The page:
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Food Fights Aren’t Always Fun
April 6, 2010
Betcha I’m about the only person who can go to the emergency room for one thing and land in the hospital with something else entirely.
It started when I woke up a couple of Sundays ago and found that my PICC line had come out about 5 inches. “What do I do?” I asked the nurse on call at Visiting Nurses.
“Where did you have it placed? OK, go to their emergency room and they should be able to help you.”
And off we went. Where they discovered that, in addition to a problematic PICC line, my left leg was kind of red and swollen. At that point, they totally forgot about the PICC line (which kept sliding out until it was no longer in me). Next thing I knew, somebody was doing a Doppler on my leg to check for deep vein thrombosis (DVT). It was agony: I’m very ticklish — and the guy kept telling me to relax!
Leg was fine, but they wanted to check my lungs to see if there were any blood clots in there. Off I went for a CT scan. At which point the radiologist decided I had pneumonia. And the hospitalist decided I needed to be admitted.
And I said “no.”
I don’t like hospitals. I don’t like strange doctors. I don’t like it when people make a decision that affects me without talking to me and explaining why I need to do whatever it is they want me to do. And I had things I needed to do, like finish a blog entry that day (or what was left of the day after spending seven hours in the ER) and go to a doctor’s appointment in Indianapolis the next morning.
On Monday, I checked myself into the hospital. (See? I can be nice.) It didn’t take long for me to get into a “food fight” with the hospitalist.
As an aside, if I’d had my own doctor, there wouldn’t have been a problem because he knows me and we had discussed what to do about my food if I became hospitalized. Which is, I know what I’m doing and can make my own choices. However, he is part of the hospital family and must have his patients seen by a hospitalist, which is a doctor who coordinates your care while you are hospitalized.
Back to the food fight. I saw the “diabetic diet” notation and was not happy. When he came to visit, I asked how he could make a determination without having seen me or talked to me. “I know you better than you think,” he responded. “I was in the emergency room last night.”
So. He was the doc who wanted to admit me and I refused. I think he was a little angry with me.
And then there was another thing that ticked me off. In pleading my case, I told him that, with surgeries, infections, and relative nonactivity, my last HbA1c, which had been taken the week before, was 6.4%. Pretty good, huh? And I found out later that he had ordered an HbA1c! So now I’m a lying recalcitrant patient? He could have called my endocrinologist. Plus, I’m pretty careful with how I spend my insurance money and don’t like that they have to pay for an HbA1c taken just one week after the last one.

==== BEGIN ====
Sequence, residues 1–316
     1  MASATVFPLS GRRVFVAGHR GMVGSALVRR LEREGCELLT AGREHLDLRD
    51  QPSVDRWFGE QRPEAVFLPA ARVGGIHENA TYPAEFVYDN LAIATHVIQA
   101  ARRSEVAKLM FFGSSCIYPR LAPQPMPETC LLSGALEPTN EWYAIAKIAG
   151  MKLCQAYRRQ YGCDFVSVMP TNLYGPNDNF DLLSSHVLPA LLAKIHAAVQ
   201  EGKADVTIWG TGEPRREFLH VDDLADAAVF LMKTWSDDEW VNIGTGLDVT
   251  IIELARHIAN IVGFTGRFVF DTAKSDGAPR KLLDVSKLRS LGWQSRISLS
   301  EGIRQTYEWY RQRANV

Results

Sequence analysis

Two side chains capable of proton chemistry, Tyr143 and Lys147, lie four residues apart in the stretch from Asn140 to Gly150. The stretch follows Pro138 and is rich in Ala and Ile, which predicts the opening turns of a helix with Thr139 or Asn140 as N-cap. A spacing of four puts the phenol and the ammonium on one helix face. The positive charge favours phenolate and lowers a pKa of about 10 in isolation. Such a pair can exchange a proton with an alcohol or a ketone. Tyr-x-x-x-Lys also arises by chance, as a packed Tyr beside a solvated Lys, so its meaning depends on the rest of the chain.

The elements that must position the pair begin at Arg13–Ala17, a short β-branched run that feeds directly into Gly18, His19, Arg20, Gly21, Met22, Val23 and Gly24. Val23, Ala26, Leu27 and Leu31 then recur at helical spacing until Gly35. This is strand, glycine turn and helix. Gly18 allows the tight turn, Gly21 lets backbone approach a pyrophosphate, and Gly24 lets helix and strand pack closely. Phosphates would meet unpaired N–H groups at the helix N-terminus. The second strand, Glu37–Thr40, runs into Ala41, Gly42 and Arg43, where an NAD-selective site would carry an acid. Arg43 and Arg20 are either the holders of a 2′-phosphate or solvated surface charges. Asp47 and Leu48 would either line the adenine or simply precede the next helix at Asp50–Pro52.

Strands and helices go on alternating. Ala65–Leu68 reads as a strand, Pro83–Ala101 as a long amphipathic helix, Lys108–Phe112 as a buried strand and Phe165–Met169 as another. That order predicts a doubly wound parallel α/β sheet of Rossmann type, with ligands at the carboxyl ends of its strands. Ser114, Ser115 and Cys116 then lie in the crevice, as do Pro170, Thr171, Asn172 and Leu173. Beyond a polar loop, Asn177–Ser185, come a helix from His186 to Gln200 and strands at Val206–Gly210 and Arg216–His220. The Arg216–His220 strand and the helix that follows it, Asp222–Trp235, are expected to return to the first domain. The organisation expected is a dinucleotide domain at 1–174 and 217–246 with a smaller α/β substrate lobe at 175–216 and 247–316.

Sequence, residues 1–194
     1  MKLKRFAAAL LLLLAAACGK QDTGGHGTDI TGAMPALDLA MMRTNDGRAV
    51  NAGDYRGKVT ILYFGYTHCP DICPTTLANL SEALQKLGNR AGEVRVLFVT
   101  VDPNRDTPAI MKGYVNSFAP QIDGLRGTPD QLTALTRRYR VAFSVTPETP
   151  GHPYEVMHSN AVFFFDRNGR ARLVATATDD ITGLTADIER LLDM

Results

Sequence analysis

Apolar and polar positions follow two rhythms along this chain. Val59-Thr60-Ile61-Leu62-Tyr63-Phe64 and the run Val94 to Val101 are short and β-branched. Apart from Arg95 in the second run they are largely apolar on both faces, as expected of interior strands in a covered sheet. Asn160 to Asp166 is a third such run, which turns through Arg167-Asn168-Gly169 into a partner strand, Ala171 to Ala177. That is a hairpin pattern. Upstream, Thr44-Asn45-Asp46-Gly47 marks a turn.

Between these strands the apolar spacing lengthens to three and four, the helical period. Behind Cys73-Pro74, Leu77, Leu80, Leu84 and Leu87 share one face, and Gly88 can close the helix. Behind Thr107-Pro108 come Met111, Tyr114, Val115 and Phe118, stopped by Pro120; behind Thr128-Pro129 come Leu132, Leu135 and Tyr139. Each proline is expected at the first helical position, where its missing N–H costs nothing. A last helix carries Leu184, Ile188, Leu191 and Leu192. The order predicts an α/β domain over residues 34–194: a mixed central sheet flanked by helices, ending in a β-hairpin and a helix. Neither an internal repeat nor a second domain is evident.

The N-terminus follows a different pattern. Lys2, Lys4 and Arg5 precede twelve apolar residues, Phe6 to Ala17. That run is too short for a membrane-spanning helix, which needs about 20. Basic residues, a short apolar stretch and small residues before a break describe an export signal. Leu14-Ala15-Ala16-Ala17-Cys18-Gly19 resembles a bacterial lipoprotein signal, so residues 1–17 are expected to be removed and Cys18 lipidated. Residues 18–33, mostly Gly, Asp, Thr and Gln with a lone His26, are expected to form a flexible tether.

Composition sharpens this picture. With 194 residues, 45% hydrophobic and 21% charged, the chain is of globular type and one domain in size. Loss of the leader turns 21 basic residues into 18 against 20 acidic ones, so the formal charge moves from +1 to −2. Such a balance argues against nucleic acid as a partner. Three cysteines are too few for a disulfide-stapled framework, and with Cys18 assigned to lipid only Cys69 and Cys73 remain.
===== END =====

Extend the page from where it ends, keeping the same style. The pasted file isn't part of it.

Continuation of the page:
But, so far, no go. Which resulted in me trying to order dinner and being told I couldn’t have this or that or I would go over my carb allowance. Did I mention I hadn’t even been told what the allowance was?
Finally, he gave in. Kind of. I could order what I wanted, but couldn’t have any concentrated sugars. That resulted in being refused a spoonful of sugar for my oatmeal. But I could have raisins. Hmmmm…the sugar would have been 12 grams of carbohydrate and the raisins were 22 grams. I didn’t say anything, however, for fear that they wouldn’t let me have the raisins either!
I was glad to get back home.
I do have this “thing” about food, which likely stems from my frustration with that piece of paper containing the “diabetic diet” the doctor gave me when I was diagnosed. That was followed some time later by being constantly accused of not eating what I was “supposed” to — when what I needed was insulin. And there was the doctor (I saw once) who got angry with me because I had eaten some vanilla wafers — so I wouldn’t get hypoglycemic when my Regular insulin peaked.
Besides, I’m a grown-up and I can take care of myself.
Whew! End of rant.
Now all I have to do is figure out how to stay away from hospitals. Unless, of course, I’m visiting somebody.
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